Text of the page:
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Increasing Access to Drexel Research Outputs Strengthens Contributions to Scholarship

December 5, 2017

For any comprehensive global research university, capturing and disseminating faculty, staff and student research output is essential, albeit challenging. The advent of institutional repositories, however, has made it easier for institutions like Drexel to promote and share their research with a global audience.

Institutional repositories are digital collections that capture and preserve the intellectual output of a university. They make it possible for researchers, and informed laypeople, to discover an organization’s scholarly outputs, which may include datasets, dissertations, journal articles and more.

As is the case at many universities, Drexel looks to its Libraries to manage and maintain its institutional repository, called iDEA. With more than 100 years’ combined experience, the Drexel Libraries staff uses their knowledge of scholarly communications, metadata and preservation practices to ensure the continued growth and success of the repository and thus the University’s contributions to global scholarship.

iDEA: The Drexel University Institutional Repository

iDEA is a multipurpose repository that is organized into several collections, providing online access to everything from Drexel’s historical records to research to select digital collections like the Frank Fox Polish Poster Collection.

It is in its capacity as a “research repository” that iDEA can be used to share Drexel’s scholarly output with people from around the world.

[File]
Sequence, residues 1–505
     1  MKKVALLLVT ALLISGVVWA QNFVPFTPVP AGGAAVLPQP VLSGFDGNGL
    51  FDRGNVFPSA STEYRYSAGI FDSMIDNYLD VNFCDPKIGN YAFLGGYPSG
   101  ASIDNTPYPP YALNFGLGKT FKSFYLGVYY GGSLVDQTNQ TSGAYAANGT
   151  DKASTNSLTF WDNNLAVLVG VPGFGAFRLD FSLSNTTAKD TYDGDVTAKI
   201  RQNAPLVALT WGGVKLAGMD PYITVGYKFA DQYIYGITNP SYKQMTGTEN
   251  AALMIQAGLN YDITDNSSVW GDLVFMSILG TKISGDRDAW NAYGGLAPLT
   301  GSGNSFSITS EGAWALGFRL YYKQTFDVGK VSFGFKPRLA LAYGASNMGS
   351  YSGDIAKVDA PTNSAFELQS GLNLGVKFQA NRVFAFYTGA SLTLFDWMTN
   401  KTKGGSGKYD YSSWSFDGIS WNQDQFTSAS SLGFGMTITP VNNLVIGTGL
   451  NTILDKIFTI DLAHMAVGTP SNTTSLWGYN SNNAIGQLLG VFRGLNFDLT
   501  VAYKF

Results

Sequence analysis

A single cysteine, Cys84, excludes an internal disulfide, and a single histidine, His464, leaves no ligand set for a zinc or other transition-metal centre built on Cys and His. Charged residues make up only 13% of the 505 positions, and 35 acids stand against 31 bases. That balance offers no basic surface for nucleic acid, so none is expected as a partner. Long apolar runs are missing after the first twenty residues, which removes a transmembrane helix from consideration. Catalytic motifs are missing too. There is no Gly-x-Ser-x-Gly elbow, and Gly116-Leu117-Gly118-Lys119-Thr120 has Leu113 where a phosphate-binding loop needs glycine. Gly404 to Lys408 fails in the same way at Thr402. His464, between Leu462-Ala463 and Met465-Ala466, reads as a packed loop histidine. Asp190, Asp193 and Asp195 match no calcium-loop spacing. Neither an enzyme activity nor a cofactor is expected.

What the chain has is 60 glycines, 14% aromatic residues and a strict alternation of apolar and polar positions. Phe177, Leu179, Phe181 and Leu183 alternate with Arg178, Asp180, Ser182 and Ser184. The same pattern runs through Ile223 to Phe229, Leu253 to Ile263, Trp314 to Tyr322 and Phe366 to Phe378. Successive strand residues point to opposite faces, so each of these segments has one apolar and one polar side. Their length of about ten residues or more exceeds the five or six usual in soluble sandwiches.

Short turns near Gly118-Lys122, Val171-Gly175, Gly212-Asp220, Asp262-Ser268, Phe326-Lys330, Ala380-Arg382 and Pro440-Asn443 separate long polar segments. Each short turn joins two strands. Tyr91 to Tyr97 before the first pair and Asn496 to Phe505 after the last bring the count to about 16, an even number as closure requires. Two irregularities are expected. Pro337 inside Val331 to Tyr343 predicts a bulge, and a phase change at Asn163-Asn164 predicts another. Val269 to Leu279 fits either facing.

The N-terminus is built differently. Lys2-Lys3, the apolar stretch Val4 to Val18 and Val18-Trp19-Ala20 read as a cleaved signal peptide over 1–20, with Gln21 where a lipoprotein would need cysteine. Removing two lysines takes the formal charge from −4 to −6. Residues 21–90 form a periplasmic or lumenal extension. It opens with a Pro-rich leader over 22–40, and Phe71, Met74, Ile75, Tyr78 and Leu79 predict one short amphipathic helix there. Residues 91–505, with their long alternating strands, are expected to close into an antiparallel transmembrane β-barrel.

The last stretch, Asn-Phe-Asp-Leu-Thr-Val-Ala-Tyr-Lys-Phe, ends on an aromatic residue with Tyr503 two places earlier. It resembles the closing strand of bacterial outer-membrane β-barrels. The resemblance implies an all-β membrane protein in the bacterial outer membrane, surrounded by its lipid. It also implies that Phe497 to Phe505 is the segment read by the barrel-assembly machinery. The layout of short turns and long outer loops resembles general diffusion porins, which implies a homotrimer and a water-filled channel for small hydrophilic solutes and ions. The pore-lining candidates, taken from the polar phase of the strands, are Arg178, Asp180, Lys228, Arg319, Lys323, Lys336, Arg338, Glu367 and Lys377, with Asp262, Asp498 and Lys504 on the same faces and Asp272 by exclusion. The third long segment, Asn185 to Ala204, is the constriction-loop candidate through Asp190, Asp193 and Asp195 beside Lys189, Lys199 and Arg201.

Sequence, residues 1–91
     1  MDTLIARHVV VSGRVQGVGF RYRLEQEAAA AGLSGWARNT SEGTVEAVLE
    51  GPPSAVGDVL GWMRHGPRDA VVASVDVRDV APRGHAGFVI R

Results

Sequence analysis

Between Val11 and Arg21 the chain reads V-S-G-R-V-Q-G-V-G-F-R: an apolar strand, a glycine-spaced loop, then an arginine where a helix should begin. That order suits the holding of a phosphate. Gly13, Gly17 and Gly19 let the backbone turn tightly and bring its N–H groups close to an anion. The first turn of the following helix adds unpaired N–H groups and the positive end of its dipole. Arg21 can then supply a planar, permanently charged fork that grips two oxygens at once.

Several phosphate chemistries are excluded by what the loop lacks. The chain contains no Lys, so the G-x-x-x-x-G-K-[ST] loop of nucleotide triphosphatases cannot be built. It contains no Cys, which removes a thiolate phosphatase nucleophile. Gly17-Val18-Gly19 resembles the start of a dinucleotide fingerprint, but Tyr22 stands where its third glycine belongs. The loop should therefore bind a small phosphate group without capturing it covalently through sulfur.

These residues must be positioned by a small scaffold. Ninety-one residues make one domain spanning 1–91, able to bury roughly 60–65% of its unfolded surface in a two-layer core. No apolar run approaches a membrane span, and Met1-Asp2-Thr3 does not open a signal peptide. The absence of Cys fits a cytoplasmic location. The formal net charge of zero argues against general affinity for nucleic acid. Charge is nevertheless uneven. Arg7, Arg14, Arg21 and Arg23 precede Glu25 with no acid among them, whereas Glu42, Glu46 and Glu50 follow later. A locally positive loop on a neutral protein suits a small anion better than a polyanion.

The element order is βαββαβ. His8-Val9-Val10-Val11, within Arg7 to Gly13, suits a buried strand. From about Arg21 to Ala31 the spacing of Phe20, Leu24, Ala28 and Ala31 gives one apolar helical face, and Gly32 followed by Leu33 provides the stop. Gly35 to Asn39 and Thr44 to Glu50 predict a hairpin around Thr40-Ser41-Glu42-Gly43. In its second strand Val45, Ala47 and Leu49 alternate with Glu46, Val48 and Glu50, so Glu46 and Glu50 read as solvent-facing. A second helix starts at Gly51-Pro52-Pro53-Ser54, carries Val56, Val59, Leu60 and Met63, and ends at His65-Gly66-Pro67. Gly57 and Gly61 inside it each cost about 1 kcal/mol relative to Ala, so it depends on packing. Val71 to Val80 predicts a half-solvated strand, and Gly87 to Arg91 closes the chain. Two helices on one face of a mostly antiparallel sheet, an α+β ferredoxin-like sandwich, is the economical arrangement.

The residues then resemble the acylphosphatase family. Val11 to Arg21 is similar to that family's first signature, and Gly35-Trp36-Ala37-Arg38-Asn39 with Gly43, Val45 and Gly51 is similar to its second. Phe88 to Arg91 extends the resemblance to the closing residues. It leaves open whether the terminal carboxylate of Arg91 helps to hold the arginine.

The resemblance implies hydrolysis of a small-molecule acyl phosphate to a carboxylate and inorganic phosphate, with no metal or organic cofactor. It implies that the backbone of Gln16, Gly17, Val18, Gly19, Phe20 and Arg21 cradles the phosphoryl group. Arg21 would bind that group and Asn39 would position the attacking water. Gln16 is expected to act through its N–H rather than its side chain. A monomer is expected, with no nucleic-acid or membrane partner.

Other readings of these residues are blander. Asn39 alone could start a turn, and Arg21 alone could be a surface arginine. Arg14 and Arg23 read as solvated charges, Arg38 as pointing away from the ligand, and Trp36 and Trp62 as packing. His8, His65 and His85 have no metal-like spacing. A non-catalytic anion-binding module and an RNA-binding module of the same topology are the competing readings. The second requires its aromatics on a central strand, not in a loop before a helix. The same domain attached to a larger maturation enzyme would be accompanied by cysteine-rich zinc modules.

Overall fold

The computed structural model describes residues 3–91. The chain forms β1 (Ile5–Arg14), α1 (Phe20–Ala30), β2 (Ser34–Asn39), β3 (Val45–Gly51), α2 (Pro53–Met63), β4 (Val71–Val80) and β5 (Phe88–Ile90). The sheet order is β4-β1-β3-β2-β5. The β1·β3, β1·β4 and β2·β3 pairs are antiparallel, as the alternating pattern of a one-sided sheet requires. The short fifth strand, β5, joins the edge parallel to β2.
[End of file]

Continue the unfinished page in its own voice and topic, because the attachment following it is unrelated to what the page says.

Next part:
For example, the Drexel Research Collection in iDEA contains both published and unpublished work of Drexel University faculty, staff and students, including papers, posters and other research outputs. While most items in the repository are open access, some content has access and reuse restrictions, depending on copyright and donor agreements.

iDEA also includes the University’s Theses & Dissertations Collection, which provides full-text access to Drexel’s doctoral dissertations dating back to 2006, as well as selected older works. In fact, this body of Drexel-created scholarship continues to grow. In 2016, the University’s Graduate College began requiring that master’s theses — in addition to dissertations — be submitted electronically to IDEA. Graduate capstone projects are also archived in the repository.

Expanding Discovery of Research  

Libraries staff continuously look for more ways to improve iDEA to ensure maximum exposure and impact of Drexel research. The more accessible research is, the more likely it is to be used and cited by other researchers, which enhances researchers’ reputations – and that of their institution – over time.

Most recently, the Libraries added ORCID IDs (Open Researcher and Contributor IDs) to the metadata it collects about Drexel authors who have content stored in iDEA. These alphanumeric codes link researchers to their scholarly activities (like published articles, dissertations or data sets) and prevent researchers with similar names or institutional affiliation from being confused for one another.

By implementing ORCIDs and continually growing iDEA’s collection, the Libraries makes it easier for global researchers to access Drexel-generated research, increasing exposure to the University and its scholarly outputs.

For more information about iDEA, visit

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